How difficult is it for us to see ourselves in a positive light? Why do we put ourselves down so easily when things go wrong in our life? These questions reflect a common theme in the lives of many people around the world. The answers often determine our ability to see ourselves first as human beings who make mistakes, and second, to see ourselves as people of worth. Now for many folks the first part of any statement may not be so difficult. "I failed a test"; "I didn't get to a meeting on time"; "I ruined dinner." But the second part can be brutal to our psyche. "I'm a stupid person"; "I'm a horrible business person and shouldn't even have this job"; "I'm a terrible cook, now my date will leave." We send messages to ourselves that so easily can build us up or tear us down. Are we even aware of what we are saying when we beat ourselves up so quickly?!
Self-esteem is a construct of the human experience that entails having a sense of respect for your self, as well as a dedicated sense of confidence in your abilities to succeed. In believing in our abilities despite our challenges, we not only recognize our humanness but also pave the way for improvement. Self-esteem is a difficult thing to manage when we get messages that start early in our life that reflect other people's perceptions of us - namely, our parents or other guardians. This is often where self-esteem is formed. The early years of our identity is often molded by what we were told at home about how those who took care of us saw us, and this had a impact good or bad on our overall internal development. We then carry this box of messages with us, and those messages become the defining blueprint of our level of success in life. If the messages were negative, this can hamper our ability to feel good about our successes when they occur because of feeling unworthy. If the messages were positive, but we fail at the task before us, we can buffer the failure against the positive messages and find ways to improve in the future.
In essence, people with a higher level of self-esteem tend to perform better in the world than those with lower levels of self-esteem. What does this mean for you in practical terms? For starters, if you suffer from low self-esteem you can improve it by recognizing that you get to decide how you see yourself. The messages you send yourself do not have to be the same degrading messages you might have often received when you were young. Our ability to judge ourselves so harshly is staggeringly unbelievable, when we could spend our time building ourselves up by recognizing all the good qualities we possess! This is also often a contributing factor to the experience of high levels of depression. Here's the awesome secret to building better self-esteem: A simple change of message sending to our brain will alter our perception of our inner sense of worth and harness the power of seeing ourselves as worthy, capable, good, lovable people.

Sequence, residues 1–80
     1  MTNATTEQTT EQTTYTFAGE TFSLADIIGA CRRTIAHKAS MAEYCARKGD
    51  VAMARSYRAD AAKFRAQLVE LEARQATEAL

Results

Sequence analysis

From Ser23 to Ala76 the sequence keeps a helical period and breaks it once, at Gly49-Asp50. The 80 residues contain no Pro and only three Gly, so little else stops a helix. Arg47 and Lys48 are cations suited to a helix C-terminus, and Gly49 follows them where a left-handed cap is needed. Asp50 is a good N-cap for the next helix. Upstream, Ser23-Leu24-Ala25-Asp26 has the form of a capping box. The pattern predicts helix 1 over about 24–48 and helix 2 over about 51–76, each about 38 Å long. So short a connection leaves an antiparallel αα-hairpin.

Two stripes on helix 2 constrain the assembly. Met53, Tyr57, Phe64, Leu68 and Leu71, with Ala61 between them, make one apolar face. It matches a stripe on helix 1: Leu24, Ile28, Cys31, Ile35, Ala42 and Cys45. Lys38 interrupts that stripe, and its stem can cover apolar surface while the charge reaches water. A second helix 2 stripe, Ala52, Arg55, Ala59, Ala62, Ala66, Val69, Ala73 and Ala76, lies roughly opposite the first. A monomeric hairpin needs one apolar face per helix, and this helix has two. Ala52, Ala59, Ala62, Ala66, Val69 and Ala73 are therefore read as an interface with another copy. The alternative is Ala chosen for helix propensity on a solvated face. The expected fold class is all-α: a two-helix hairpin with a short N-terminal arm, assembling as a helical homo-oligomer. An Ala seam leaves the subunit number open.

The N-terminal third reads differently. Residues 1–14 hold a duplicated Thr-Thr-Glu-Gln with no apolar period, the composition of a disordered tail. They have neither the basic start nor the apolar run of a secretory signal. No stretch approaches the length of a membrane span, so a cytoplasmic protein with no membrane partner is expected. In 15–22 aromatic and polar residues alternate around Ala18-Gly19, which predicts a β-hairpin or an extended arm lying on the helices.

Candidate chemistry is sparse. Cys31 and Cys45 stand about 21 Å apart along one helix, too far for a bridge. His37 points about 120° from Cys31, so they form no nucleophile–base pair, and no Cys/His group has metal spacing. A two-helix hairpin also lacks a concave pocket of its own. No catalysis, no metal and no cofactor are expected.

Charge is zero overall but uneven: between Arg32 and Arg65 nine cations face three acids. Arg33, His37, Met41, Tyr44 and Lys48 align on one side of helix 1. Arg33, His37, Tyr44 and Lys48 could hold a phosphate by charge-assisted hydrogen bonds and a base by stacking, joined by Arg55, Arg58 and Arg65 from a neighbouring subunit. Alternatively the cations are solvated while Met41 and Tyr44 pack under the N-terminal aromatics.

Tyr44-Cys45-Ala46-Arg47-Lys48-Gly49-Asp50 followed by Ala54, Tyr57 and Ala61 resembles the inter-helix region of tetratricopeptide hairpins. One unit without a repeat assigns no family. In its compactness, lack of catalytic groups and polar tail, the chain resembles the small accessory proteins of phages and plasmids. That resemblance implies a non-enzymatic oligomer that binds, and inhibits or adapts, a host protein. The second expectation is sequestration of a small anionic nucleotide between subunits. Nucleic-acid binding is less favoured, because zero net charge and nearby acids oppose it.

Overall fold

Some of you are still staring at the last line above, and that's okay. Go on, take a minute. Maybe even two minutes. I'll go grab a snack. .......... Okay, I'm back. Ready? Rather than "I'm a stupid person", try "I wonder how I can do better on the next test." Instead of "I'm a horrible business person and shouldn't even have this job", try "I need to better structure my day so that I allow enough time to travel to my next location." And while this last one might leave many in tears ("I'm a terrible cook, now my date will leave"), consider the thought that it was a difficult recipe "Wow, that didn't seem like an easy meal to make. But there is a nice restaurant down the street that is open late." We send our brain messages that our brain will then process unbiasedly and without question. The end product is the result of our own doing. We can't blame anyone else once we realize that we are responsible for our own self-worth. So sending messages that reflect our love and compassion of ourselves will indeed help us feel better about the events in our lives.
Counseling is always helpful in this regard if you find yourself challenged in creating a more positive outlook on your life. Consider that sometimes we are not able to always see how we need to change our thinking, but we do realize more easily that something does need to change. Consider seeking assistance when you are unable to sort out how to start correcting the areas of your life with which you have trouble. If you are local to my area, please feel free to contact me to discuss meeting for services. We can build your self-esteem better together.
Shawn Thomas Berthel M.S., is the owner of Life Path Counseling PLLC, and a Licensed Clinical Mental Health Counselor. He lives in University Place, Washington.